The boom in gangster pictures in the early 1930s was attributable to multiple factors, The Great Depression being chief among them. These films were a fantasy of wealth in a time of lack, as well as an explanation of how a country that had relied on immigrants and the poor to help expedite industrialization and fight wars had then abandoned its underclass when the economy crashed. The mob movies’ popularity faded by the ’40s, hastened off the screen by the Roosevelt administration’s recovery, the advent of WWII, the shift toward private detective stories and “film noir,” and the stronger enforcement of a Hollywood production code that warned against movies graphic violence and lionizing crooks—even when their ultimate message was “crime doesn’t pay.”
The Untouchables was about as bullet-riddled any TV drama of its time (and, as mentioned, got dinged for that by concerned critics and parents’ groups), but the writers and producers attempted to justify their tommy-gun tattoos and piles of corpses by claiming the cause of “history.” The series didn’t have the same thematic underpinnings as the ’30s movies. It was presented more as a nostalgia-piece, with the staccato narration of Walter Winchell there to remind older viewers of the golden age of radio. The show was also framed as a celebration of efficient, dogged law enforcement, reporting on their hard work in dismantling the rackets. There’s a matter-of-factness to the program, as though it were a documentary about how the U.S. government restored law and order during Prohibition.
But that doesn’t mean The Untouchables was devoid of deeper meanings. Because the premise of the show was that Ness and his team were putting out post-Capone fires across the country, the stories didn’t always take place in Chicago. But like a lot of other crime exposés in the mid-20th century, The Untouchables generated drama from the notion that vice was spreading from America’s coasts into its middle: into places like Hot Springs, Phenix City, and the Chicago suburbs. In the early going at least—before prominent Italian-American organizations protested—the series gave the men behind this epidemic a pronounced accent.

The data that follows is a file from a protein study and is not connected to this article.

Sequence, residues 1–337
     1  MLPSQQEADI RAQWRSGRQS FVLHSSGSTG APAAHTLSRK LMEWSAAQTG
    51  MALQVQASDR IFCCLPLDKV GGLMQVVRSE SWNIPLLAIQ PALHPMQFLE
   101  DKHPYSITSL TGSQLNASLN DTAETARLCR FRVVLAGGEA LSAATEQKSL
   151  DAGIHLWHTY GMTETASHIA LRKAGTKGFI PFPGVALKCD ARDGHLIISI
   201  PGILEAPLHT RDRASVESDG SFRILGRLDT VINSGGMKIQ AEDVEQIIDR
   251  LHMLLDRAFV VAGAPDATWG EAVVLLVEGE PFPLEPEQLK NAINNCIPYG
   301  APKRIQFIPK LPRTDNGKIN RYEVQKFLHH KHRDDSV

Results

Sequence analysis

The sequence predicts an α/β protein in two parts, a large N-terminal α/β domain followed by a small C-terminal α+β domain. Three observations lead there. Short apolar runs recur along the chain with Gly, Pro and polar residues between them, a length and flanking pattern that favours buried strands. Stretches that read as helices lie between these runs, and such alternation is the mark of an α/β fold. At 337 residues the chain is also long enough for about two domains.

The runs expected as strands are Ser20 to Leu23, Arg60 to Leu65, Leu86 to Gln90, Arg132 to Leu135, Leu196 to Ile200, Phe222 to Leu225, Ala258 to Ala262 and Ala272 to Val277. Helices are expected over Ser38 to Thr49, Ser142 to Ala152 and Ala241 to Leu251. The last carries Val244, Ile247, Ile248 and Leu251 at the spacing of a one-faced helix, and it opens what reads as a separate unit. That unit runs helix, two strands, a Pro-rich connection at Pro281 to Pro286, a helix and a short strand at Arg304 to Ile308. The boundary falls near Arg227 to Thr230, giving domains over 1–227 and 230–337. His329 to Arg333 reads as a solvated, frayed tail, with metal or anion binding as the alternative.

There are actually two strong accents in “The Rusty Heller Story.” One belongs to Pops, who’s of indeterminate European origin, but whose heavy inflections were exactly the kind of thing that got The Untouchables threatened with boycotts from anti-defamation leagues. Whenever possible, the writers tried to use the names of real-life gangsters, from varying ethnic groups, to deflect some of the outcry. But Pops Felcher was fictional—and in more ways than one, since the plot of the episode reveals that he’s actually an illegal immigrant who’s stolen someone else’s identity. He’s really not much of a character. If anything, he’s something of a stooge: an ersatz Capone simultaneously controlled by Archie, Rusty, and his own jealous wife.